Stepping out of the game that he’s served for over 50 years at the end of this season, I was fortunate enough to be able to sit down with Spurs legend Steve Perryman to talk football, his career, and Tottenham Hotspur.
For me, the only appropriate place to start was, ironically, not with Steve himself – but the manager who signed him. For many of my generation, the name of Bill Nicholson is one associated with past greatness – but the person behind the name of the man whose name was given to the black gates we walked through to enter White Hart Lane remains shrouded in some kind of mystery. Like many of the modern greats, Steve said that he “felt I was playing for him…when you were playing well, that lifted us higher than what I really was. [He was] a wonderful manager and a fantastic man; you couldn’t look at him and say he had all the trappings of success – he lived in a small house around the corner of the ground, he drove a nice car but not a magnificent one, his wife rode around Tottenham on a bike and us players would regularly see her out shopping. He just had a lot of class about him, sometimes people try and buy class but he just had it.” This idea of class is one that came up frequently in describing Nicholson – Steve opened up about how he ended up signing for Spurs; he recently found the letter from Nicholson expressing his wish for Spurs to sign the 15-year-old Perryman. He described it as a “such a caring letter, but it was classy too – signed W. Nicholson, I tingled at that; W meant business – every time I’ve seen his autograph since it was “Bill” and he only ever wanted to be called that, never Mr Nicholson, or boss or gaffer or these other terms – only Bill and that’s how he signed his signature. But on this letter to this 15-year-old’s father, it was W. Nicholson, because I guess he didn’t want to come across as too chummy – I thought that was really classy. For me, Tottenham stands for style and class.”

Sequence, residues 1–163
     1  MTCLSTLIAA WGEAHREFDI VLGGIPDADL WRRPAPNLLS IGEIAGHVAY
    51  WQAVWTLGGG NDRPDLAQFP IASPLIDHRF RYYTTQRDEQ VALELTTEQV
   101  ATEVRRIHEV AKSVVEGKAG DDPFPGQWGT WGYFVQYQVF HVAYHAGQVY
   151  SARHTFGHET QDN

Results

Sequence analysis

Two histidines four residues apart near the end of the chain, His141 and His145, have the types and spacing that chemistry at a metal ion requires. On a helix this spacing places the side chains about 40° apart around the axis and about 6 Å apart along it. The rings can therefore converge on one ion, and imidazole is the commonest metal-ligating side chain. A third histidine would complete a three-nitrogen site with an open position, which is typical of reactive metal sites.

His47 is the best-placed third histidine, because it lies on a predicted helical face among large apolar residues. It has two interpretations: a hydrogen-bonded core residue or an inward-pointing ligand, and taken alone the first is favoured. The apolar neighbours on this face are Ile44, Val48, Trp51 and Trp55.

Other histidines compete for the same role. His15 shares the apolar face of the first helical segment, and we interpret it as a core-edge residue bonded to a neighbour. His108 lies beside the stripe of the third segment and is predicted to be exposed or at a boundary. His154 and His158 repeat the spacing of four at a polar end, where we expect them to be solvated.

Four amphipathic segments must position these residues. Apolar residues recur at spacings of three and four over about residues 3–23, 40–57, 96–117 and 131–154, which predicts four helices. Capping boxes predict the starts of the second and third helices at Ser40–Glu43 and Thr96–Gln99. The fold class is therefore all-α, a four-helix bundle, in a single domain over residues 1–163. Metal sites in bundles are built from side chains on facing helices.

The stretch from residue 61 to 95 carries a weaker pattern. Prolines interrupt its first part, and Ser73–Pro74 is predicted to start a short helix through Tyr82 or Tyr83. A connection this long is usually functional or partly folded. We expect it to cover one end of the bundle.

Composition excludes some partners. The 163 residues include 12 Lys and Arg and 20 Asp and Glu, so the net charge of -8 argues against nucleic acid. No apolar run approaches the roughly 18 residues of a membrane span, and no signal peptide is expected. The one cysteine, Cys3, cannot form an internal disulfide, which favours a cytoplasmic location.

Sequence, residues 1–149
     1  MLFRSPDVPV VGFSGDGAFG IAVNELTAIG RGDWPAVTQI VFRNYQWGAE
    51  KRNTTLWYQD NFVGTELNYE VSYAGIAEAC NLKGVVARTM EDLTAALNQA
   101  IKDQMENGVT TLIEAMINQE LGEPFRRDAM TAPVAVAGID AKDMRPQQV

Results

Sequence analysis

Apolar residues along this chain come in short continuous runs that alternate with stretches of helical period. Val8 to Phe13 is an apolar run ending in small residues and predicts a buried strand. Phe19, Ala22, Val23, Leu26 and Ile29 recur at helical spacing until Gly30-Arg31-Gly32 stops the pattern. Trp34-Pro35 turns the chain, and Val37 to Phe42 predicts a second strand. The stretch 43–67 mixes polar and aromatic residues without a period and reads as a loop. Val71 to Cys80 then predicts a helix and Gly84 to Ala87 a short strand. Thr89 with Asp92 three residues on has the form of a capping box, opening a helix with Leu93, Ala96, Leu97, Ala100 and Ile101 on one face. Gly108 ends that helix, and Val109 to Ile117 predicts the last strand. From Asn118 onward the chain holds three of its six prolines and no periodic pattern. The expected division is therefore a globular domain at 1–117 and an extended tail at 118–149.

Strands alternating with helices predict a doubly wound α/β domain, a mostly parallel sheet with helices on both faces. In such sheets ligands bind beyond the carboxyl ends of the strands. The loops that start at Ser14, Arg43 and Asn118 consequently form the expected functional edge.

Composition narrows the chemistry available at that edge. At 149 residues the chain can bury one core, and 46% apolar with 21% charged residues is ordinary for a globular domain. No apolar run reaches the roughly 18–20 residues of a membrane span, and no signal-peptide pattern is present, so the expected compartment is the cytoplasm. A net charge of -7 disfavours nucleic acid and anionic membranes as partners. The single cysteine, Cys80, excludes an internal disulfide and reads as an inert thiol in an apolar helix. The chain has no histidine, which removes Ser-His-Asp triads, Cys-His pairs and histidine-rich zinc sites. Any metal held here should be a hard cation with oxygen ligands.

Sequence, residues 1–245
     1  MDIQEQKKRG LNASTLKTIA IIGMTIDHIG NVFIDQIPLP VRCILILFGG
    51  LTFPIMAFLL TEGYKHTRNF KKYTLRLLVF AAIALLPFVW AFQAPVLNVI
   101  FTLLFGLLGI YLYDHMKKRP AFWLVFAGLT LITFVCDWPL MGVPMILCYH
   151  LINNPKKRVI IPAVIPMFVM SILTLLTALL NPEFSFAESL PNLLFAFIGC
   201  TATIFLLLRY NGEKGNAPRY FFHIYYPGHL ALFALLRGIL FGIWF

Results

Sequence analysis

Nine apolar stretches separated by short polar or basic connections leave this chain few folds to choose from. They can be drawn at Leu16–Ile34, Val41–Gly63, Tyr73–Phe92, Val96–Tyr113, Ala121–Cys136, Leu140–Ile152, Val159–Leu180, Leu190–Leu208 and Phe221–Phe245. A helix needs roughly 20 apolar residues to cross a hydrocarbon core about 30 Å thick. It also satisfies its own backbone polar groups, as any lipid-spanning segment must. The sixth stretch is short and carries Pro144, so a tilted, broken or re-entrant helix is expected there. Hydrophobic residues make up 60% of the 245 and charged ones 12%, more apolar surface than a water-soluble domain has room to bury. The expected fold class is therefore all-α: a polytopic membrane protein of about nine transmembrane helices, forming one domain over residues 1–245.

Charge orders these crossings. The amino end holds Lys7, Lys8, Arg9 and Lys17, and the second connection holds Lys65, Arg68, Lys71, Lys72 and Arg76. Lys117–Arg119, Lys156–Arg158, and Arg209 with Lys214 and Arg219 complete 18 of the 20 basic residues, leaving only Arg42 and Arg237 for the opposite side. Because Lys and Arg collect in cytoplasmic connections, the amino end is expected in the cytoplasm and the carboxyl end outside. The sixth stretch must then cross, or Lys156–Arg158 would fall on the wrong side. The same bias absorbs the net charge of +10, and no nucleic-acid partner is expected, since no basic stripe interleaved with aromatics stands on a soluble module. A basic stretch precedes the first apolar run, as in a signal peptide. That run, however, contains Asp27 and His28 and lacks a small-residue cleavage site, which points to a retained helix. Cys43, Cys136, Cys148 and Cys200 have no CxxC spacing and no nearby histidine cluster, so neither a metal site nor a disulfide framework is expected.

In his first years at Spurs once he signed in 1969, he recalls being a ‘bit-part player, an extra to the bigger players’ – his role in the team was winning the ball and playing forwards from there. He realised early on that he needed to give the team in the early 70s something they didn’t already have, and this was his legs and energy. He spoke fondly of his role in the 1972 UEFA Cup win, where he played primarily behind Alan Mullery and Martin Peters, but had a key attacking role in the semi-final, where Italian giants AC Milan were in town: he scored twice as Spurs came from 1-0 down to win 2-1. He described how the defensive role he had afforded him the breathing space to come onto the ball from deeper, and because the Italians were frustrating Spurs in front of their own goal, Perryman’s efforts from range gave Spurs a narrow lead in the tie, which they eventually won by securing a draw in Milan. Spurs would go on to defeat Wolves 3-2 on aggregate in the final, with a team including some of the best players that Perryman says he ever played with – Pat Jennings in goal, internationals including Cyril Knowles, the aforementioned Peters and Mullery, Alan Gilzean and Martin Chivers. But Steve said it was the semi-final that was his most important game – “I couldn’t put a foot wrong, every pass I made went right, I had two shots at goal and scored twice – in some seasons I didn’t have two shots!”. It was certainly a coming-of-age for the man, who picked up more silverware after a league cup vs Aston Villa.